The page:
“The USGA has long been committed to presenting the U.S. Women’s Open as the premier event in international women’s golf,” said USGA President Thomas J. O’Toole Jr. “With the addition of international qualifying, we are happy to expand the championship field to include more of the very best players from across the globe. We extend many thanks to our friends and partners around the world for their efforts in helping us accomplish this mission.”
Fourteen foreign-born players have won the U.S. Women’s Open a total of 18 times, including two-time and defending champion Inbee Park, of the Republic of Korea. Fay Crocker, of Uruguay, won the 1955 U.S. Women’s Open, becoming the first international winner in championship history. In recent years, international players have dominated the leader board, taking seven of the last nine championships and 13 of the last 19. Players from Korea have won five of the last six championships.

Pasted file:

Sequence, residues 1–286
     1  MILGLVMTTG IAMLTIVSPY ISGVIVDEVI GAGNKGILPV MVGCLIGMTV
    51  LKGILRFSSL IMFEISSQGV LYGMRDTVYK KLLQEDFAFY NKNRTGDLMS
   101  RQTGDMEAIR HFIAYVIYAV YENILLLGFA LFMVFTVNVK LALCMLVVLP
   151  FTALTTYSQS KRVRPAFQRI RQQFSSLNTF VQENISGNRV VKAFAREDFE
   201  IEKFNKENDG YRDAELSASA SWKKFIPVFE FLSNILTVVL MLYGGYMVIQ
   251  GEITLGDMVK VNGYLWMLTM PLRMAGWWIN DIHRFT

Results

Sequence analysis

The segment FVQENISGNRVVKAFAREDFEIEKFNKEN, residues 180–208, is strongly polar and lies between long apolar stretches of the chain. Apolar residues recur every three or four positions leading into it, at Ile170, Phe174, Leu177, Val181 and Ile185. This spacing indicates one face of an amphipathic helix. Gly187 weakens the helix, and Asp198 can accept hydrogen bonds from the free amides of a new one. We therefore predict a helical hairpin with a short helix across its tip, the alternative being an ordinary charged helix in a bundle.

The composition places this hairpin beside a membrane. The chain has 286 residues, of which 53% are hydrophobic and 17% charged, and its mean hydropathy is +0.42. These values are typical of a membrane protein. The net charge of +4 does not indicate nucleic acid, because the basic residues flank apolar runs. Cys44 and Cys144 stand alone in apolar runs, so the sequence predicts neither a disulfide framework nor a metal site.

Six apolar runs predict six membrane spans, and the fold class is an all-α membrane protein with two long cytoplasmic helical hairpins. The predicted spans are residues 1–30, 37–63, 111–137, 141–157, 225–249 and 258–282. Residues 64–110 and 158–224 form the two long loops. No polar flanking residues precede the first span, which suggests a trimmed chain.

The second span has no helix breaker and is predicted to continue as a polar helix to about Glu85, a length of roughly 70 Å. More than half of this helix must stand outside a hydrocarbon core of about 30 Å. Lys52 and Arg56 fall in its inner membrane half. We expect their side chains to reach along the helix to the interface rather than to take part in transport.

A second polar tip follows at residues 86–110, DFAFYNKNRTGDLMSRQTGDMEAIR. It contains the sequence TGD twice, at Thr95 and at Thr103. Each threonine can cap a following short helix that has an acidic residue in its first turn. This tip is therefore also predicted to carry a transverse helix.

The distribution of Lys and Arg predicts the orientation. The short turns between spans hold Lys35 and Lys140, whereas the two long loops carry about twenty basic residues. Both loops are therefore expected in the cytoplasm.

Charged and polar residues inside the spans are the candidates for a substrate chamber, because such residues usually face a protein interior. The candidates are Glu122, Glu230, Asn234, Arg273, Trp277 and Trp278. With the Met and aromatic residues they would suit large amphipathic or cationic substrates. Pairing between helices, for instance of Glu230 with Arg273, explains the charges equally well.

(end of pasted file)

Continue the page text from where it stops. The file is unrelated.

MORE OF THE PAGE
Officials from the China Golf Association, the Japan Golf Association, the Korea Golf Association and the Ladies European Tour will conduct international qualifying for the U.S. Women’s Open, which will be held at four sites on Monday, May 19. Asia will have three qualifying sites – CGA Nanshan International Training Centre (Garden Course) in the People’s Republic of China, Higashi Nagoya Country Club in Japan and Woo Jeong Hills Country Club in Korea. Buckinghamshire Golf Club in England will host European qualifying.
Also, effective in 2014, the USGA Handicap Index® limit for the U.S. Women’s Open has been lowered to 2.4 from 4.4. The change comes in recognition of the rapid and tremendous growth of women’s amateur golf, and will serve to strengthen the 69th U.S. Women’s Open field.
The Handicap Index limit was set at 4.4 for the 1972 U.S. Women’s Open, and has remained unchanged. Since then, more than 350 amateur golfers have qualified for the championship, including future winners Paula Creamer, Kathy (Baker) Guadagnino, Juli Inkster, Cristie Kerr, Murle Lindstrom, Hilary Lunke, Inbee Park, Annika Sorenstam and Hollis Stacy. Four amateurs have finished second: Nancy Lopez (1975); Jenny Chuasiriporn (1998, in a playoff); and Brittany Lang and Morgan Pressel (2005). Catherine Lacoste (1967) is the only amateur player to win the Women’s Open.